13. coolspot18 macrumors 65816

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    #13
    But you can run multiple instances of the applications (with each using the maximum amount of RAM for a 32-bit app) or more applications. So more memory is still better.
     
  14. johnfkitchen macrumors regular

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    Sep 7, 2010
    #14
    Another reason for going only to 12 GB now, is that when 8GB modules become affordable, you can, if needed, jump up to 24GB by replacing the two 2GB modules at that time, keeping the two 4GB modules you just bought.

    Eventually, you can replace these, taking it to the max of 32GB.

    Software, over time, demands more and more RAM, so while 24 or 32 may sound insane today, tomorrow the need may be there, and it's good to have a plan
     
  15. akdj macrumors 65816

    akdj

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    #15
    At that price, to me anyway...it seems a no brainer. Especially if you're a video or photo editor. Final Cut X (as mentioned) will be 64 bit, as will most everything moving forward...RAM is a cheap performance boost:)

    J
     
  16. coolspot18 macrumors 65816

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    #16

    Do the 2011 iMacs even support >16GB of RAM? In anycase, 16GB of RAM will be plenty for the next 4 - 5 years... so there's no real need to juggle the RAM at the moment.
     
  17. alust2013 macrumors 601

    alust2013

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    #17
    They do. OWC has tested it and sells 32GB kits.
     
  18. coolspot18 macrumors 65816

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    #18
    Only on the 2010 models no? Haven't seen the 2011 models validated for 32GB of RAM.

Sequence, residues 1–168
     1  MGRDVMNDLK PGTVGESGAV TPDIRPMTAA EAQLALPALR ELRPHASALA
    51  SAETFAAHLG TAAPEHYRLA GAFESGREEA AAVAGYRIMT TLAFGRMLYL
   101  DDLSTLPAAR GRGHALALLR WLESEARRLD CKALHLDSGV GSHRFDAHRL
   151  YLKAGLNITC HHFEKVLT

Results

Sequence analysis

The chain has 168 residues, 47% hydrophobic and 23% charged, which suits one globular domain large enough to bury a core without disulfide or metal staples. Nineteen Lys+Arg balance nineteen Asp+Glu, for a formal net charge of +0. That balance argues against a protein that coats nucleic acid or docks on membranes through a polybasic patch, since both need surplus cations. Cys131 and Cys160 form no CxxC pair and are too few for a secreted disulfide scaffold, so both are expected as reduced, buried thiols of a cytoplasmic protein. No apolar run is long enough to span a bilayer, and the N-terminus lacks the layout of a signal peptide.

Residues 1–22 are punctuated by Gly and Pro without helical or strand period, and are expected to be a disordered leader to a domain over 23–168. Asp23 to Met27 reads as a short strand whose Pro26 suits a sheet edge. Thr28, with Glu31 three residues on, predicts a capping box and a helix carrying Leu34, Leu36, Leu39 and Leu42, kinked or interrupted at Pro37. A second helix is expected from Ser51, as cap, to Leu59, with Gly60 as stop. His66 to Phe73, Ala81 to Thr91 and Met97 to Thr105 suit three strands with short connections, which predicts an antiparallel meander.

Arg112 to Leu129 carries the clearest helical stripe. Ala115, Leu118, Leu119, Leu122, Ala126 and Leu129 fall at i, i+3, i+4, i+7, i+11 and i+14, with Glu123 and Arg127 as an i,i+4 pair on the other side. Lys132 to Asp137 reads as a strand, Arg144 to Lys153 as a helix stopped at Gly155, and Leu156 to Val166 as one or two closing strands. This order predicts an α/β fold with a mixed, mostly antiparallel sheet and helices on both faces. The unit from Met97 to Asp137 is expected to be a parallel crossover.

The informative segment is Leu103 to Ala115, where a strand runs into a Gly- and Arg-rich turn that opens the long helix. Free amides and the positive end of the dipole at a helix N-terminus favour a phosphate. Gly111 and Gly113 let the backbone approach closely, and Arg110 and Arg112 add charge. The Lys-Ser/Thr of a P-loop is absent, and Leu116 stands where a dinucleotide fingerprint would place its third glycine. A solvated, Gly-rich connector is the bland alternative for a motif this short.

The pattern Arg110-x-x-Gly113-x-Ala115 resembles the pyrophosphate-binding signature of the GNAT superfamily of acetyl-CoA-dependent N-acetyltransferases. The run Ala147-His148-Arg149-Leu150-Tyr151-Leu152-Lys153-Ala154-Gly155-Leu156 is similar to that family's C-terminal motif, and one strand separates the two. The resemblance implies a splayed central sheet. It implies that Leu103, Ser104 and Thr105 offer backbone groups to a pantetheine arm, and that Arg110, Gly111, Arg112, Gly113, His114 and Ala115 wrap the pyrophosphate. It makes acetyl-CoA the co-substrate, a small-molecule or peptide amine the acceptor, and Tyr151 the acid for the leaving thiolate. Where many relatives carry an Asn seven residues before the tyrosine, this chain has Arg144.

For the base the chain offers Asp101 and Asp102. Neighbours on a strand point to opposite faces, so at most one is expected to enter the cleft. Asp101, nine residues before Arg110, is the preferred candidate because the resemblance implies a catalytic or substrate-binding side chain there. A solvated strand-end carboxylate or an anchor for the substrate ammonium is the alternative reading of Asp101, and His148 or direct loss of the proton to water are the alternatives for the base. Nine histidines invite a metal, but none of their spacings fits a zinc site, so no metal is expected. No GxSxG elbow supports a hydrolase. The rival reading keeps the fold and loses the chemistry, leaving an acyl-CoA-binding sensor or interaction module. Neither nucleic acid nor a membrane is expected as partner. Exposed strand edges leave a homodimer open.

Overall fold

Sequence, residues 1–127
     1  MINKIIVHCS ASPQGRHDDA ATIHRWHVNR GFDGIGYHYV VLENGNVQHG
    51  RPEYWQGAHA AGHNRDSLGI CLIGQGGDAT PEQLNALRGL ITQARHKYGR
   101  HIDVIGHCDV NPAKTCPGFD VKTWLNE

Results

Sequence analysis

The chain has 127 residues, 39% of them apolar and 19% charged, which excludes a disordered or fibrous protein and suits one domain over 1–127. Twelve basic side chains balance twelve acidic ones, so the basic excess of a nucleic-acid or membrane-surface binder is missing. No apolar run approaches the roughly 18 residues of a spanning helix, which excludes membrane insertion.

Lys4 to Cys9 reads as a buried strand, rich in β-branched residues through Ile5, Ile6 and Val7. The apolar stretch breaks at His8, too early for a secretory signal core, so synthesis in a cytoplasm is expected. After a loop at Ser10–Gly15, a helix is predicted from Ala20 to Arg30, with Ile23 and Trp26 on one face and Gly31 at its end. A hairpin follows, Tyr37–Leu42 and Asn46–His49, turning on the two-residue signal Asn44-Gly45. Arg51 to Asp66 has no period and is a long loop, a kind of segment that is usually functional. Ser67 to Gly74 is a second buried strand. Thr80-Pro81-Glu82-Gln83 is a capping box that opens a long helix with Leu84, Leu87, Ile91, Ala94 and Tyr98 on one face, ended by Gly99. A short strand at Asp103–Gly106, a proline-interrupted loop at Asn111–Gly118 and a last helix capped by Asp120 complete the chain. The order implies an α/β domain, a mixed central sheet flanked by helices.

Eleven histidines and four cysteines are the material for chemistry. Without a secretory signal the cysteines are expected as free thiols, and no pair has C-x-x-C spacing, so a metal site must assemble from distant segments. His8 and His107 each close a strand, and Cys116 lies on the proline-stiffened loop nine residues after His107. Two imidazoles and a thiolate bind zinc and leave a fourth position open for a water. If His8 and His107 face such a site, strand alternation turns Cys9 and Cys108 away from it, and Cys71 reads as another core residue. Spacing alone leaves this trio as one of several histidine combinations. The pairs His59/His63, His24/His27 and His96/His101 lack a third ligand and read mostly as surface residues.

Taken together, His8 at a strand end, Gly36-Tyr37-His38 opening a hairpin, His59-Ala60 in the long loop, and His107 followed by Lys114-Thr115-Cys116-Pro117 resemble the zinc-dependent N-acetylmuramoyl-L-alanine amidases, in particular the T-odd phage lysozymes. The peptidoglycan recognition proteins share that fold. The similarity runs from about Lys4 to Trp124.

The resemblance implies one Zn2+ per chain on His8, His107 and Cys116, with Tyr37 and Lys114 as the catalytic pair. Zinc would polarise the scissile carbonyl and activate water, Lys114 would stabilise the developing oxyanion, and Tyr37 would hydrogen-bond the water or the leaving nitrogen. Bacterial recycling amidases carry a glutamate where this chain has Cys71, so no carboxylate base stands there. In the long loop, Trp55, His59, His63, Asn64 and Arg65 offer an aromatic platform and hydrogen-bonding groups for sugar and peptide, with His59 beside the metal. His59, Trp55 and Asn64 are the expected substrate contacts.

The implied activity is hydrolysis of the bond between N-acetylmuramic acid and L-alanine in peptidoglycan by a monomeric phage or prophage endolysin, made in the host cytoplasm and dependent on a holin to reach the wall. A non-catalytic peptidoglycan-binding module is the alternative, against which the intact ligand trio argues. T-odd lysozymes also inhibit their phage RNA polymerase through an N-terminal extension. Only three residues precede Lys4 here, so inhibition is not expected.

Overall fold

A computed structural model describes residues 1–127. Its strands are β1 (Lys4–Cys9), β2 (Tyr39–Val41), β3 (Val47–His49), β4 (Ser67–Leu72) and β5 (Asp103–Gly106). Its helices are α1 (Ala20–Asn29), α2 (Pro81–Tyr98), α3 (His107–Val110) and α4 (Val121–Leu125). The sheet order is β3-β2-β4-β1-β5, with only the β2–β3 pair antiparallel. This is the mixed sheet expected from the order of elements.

In any case, 8GB SODIMMS cost a small fortune (3K for 32GB!), there is no need to upgrade to 32GB for the foreesable future.
     
  19. onthecouchagain macrumors 604

    onthecouchagain

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    Mar 29, 2011
    #19
    Somewhat related question: Does it matter when you upgrade RAM? For whatever reason, I got into my mind that upgrading RAM while the computer is still "new" is somehow better (don't know where this idea came from).

    Is there any truth to that? I plan to purchase the 4 GB RAM base iMac and want to upgrade to 8 GB for $50 dollars, but am not sure if it's even necessary to spend that kind of money. Maybe down the line I will, but I'm wondering first if my above thought has any veracity.
     
  20. flopticalcube macrumors G4

    flopticalcube

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    #20
    No it doesn't matter. Use Activity Monitor to find out if you need more.
     
  21. onthecouchagain macrumors 604

    onthecouchagain

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    #21

    Yeah, that's what I thought. Thank you!
     
  22. theSeb macrumors 604

    theSeb

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    #22
    2011 iMac definitely supports 32 GBs of ram.
     
  23. Sylonien macrumors regular

    Sylonien

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    May 21, 2011
    #23
    Does it? How come Apple website says Max. DRAM 16Gb? Not that it matters too much at the moment, 16Gb is plenty for now or depending on use. :rolleyes:

    http://support.apple.com/kb/ht3011
     
  24. coolspot18 macrumors 65816

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    #24
    RAM prices fluctuate - like the commodity market. When RAM is in production, RAM is cheaper. When RAM goes out of production, RAM gets much more expensive. Just compare DDR2 prices to DDR3.
     
  25. flopticalcube macrumors G4

    flopticalcube

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    #25